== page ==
Too Many Sites, Too Little Money

While UNESCO has built a resume to justify its World Heritage program’s survival over the next 40 years, its shortcoming need shoring up. Critics say the program has gotten too big, too bureaucratic, and too political in a time of diminished resources. There just isn’t enough money and manpower to insure that each site’s management plans are being maintained.

“At its worst, its most vocal critics say, World Heritage is a lame duck in a straitjacket, incapable of protecting the world’s truly endangered places,” writes Simon Usborne in London’s The Independent newspaper in 2009. Usborne slams World Heritage programs for not aggressively enforcing management plans and quotes conservationists who have visited some remote sites as not having the basics such as park maps available.

Jeff Morgan, the director of the Global Heritage Fund has been a UNESCO detractor. His own non-profit established in 2002 has spent $25 million on its 18 sites and raised another $20 million from co-funders to reinvest in these sites which are mostly in developing countries. Morgan credits UNESCO for doing a good job managing the list, but that’s as far he will go. “I’ll give them a B for monitoring, but a D for enforcement because they have no teeth. Finally, they preserve, which you can’t even score them for because they have no money. The bottom line is that you need a strong network of conservation groups, led by UNESCO, to provide a safety net for the most endangered sites in the countries with the least resources,” Morgan told The Independent.

We have our own bone to pick with UNESCO. The World Heritage list is heavily Eurocentric and follows a money trail. Italy has the most countries on the list with 44, the United States has 21. North America and Europe have a combined 516 while Africa has just 82 and Latin America 97, despite both continents’ bountiful cultural and natural richness Spain has 41 cultural UNESCO designations, Peru—with 4,000 years of history and hundreds of important cultural sites—has only nine. Guatemala, the birthplace of Maya civilization, has three.

The richest countries have the most clout at UNESCO and the only way a site can be evaluated is when a country applies for the designation. Countries with the most clout wield influence and elevate their own designations. Businessmen often influence politicians to intercede in their behalf to get a site designated so they can profit from tourism. Politics and lobbying have placed sites on the list that many can only ask, “what were they thinking?” What is the Rietveld Schroder House built in 1925 in the Netherlands doing on a list that includes Stonehenge, Notre Dame and the Tower of London?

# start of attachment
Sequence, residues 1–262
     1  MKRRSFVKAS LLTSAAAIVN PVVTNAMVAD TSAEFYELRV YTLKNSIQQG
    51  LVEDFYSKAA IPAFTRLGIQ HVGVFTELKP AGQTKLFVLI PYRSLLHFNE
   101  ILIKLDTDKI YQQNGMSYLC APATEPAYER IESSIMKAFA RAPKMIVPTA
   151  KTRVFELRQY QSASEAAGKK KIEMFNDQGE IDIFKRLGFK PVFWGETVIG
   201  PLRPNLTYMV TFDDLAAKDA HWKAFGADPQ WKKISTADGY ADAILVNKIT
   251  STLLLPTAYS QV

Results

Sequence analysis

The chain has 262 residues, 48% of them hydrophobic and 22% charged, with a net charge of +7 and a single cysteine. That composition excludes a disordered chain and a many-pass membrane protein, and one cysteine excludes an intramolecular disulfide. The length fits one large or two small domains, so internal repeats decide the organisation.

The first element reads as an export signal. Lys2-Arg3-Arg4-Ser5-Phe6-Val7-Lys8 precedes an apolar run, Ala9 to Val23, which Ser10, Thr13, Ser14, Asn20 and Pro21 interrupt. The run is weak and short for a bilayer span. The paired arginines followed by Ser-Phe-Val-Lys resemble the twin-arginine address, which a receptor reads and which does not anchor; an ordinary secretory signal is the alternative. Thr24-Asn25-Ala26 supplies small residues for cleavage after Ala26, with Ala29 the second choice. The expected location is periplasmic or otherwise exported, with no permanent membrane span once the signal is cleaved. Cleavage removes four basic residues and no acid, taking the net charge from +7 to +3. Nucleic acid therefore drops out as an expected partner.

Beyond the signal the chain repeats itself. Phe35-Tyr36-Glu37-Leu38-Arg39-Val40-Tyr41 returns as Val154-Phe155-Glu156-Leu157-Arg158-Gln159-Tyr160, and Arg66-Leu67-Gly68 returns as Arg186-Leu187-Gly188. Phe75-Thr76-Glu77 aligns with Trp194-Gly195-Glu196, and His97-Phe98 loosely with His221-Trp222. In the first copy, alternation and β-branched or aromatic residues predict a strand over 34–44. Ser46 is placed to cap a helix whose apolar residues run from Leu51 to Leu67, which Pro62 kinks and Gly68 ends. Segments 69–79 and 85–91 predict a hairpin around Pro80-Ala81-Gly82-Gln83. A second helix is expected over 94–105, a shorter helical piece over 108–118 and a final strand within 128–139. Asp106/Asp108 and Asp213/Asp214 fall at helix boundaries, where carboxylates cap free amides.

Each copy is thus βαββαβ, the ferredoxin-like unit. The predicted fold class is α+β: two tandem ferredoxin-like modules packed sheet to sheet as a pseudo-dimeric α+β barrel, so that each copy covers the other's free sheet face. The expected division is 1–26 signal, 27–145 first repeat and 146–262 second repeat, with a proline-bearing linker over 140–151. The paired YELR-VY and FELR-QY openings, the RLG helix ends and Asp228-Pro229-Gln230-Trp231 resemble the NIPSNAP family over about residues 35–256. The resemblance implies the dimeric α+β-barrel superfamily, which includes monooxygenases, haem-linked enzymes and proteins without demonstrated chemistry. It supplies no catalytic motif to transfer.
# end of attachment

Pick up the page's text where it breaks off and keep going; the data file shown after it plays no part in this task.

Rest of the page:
A Mongol Tale

Tusker has embraced the newest World Heritage site, the stone carvings, mounds and petroglyhphs in the Mongolian Altai. Tusker founder Eddie Frank has made frequent trips to the region and Tusker is the first company offering an in depth workshop exploring the sites’ cultural and environmental significance. He will lead the trip starting July 20 that will include lectures by Esther Jacobson-Tepfer and a photo workshop by her husband Gary Tepfer. It was Jacobson-Tepfer who did much of the archaeological work on the sites and then campaigned vigorously with Mongolian officials to get the areas recognized by UNESCO. It took nearly a decade for the area to become inscribed by UNESCO. The award came last June.

Bureaucratic inertia may have delayed the process. The Mongolian Altai is populated by ethnic Kazakhs who are not fully integrated into Mongol society and officials in Ulan Bator may have been less interested in the region than other parts of the nation.

“Our nomination of the three sites did not get much attention by the Mongolian authorities for several years, mainly because they were concerned with the nomination of the Orkhon Valley. Once the Mongolians asked me to work with them and taking it through to the final decision was relatively short, perhaps only two years,” Jacobson-Tepfer recalled. She worked on the UNESCO designation project because she hopes it will spur lasting protection.

Jacobson fears UNESCO’s lack of funding could hurt the sites she discovered as well as hundreds of others. “UNESCO offers no protection to such sites; it is all up to Mongolia. Unless the world economic situation improves, I would worry about all World Heritage sites, in all parts of the world” she concluded.